George Bush and the Treacherous Country 

Thursday, Feb 12 2004
Illustration by Ryan Ward

I am a traitor. I’m not sure exactly when I first knew it. Of course for a long time I resisted it; I had always thought of myself as a patriot. But sometime over the last 15 years I came to sense it, and certainly I understood it by the afternoon last October when the president officially launched his re-election campaign. That was the day he gave two speeches in New Hampshire on behalf of a war he thought he had won five months earlier; over the next 24 hours, Iraqi guerrillas in Baghdad killed three American soldiers and wounded four, assassinated a Spanish diplomat in the street, and drove a car into a police station, blowing up eight people. This moment wasn’t just the hinge of George W. Bush’s presidency, with the gales of the past and future blowing it open and shut. It wasn’t just the moment that his presidency became the hinge of modern American history. It was the hinge of my very Americanism, between patriotism and treachery.

Some are loath to bestow upon this president any sort of momentousness. Whatever he does or however dire the moment, some can’t bring themselves to believe George Bush deserves such import, given what they regard as the flukishness of his election or what they perceive to be the limits of his capabilities. Among the erudite, ridicule attends his every mispronunciation of this word, his every mangling of that sentence — mistakes that only endear him to a nation of word mispronouncers and sentence manglers. Among those who fret about the unfairness of life, there’s fury at the fortunate son who inherited his power from his presidential father and the Supreme Court, as though Al Gore would have been any less an inheritor from his own senatorial father and the president who made him vice president (none of which is to even mention what Hillary Clinton has inherited, or may inherit still).

To snicker at Bush’s luck and stupidity not only confirms Bush’s gleeful assertions that he’s underestimated, but misreads everything about both the moment and the man. The fortunate son has more natural political skill than his father ever did, and as he proved in his interview on Meet the Press this past weekend, the president is as able to absorb and command the facts of something as anyone else. As was also clear in the same interview, and given the ways in which his reasons for the Iraq invasion have changed from those that he presented to the country a year ago, what’s important about George Bush’s intelligence isn’t its magnitude but its nature. This is to say it’s a perfectly adequate intellect that chooses what it prefers to know, what it prefers to think, what it prefers to believe. Which is to say that the nature of Bush’s intelligence hasn’t anything to do with intelligence at all. Rather it has to do with — here’s a word we haven’t heard in a while — character.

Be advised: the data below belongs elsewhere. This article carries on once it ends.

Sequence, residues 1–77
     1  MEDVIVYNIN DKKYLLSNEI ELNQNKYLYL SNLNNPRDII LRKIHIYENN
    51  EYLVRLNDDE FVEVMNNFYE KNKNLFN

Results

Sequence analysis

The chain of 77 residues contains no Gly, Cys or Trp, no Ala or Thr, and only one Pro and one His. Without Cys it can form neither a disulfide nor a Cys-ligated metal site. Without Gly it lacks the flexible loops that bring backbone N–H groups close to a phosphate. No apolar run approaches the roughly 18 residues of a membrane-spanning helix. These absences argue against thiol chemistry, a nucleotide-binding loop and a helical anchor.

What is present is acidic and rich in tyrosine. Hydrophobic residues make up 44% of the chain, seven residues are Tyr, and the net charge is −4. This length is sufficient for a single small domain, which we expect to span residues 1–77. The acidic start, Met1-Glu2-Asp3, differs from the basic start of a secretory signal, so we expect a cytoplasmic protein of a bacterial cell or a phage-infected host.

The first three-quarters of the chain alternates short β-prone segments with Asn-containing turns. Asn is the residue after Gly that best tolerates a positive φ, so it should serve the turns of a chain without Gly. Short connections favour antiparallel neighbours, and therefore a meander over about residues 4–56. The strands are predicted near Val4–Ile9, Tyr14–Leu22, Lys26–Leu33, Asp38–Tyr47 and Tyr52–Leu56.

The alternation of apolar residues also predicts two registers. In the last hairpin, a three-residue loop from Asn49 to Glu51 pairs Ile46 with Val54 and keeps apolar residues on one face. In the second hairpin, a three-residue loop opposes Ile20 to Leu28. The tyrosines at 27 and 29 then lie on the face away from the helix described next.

Related Stories

  • Henry Rollins: War, Continued 3

    This morning, I woke up in a small hotel room in Gordonsville, Tennessee. Outside my door: Taco Bell, Subway, McDonald's and Waffle House. I packed my gear and headed down to the lobby for another day of shooting 10 Things You Don't Know About. Scheduled for today was a tour...
  • How to Vote 8

    You know the incumbents. So our June 3 voter guide is about the other stuff - like a comedic race for judge featuring candidates so bad the bar association finds both "Not Qualified." One is Charles Calderon, who L.A. Weekly previously reported as one of the worst legislators in California. There's...
  • We Wish We All Could Be Caprice's Kind of California Girl

    “This is myself with my best friend at the time, frying my skin," says the across-the-pond celebrity Caprice Bourret while looking at old photos, nibbling a scone at high tea at the Culver Hotel. "I used to be such a California girl. I used to fry. Hawaiian Tropic, no sunscreen at all."...
  • Porn Flight 14

    California porn studio Kink.com, which last year came under scrutiny for a condom-free production in which a woman who afterward turned up HIV-positive had performed, said this week that it's opening facilities in Las Vegas. The company, which was investigated by the California Division of Occupational Safety and Health (Cal/OSHA) following...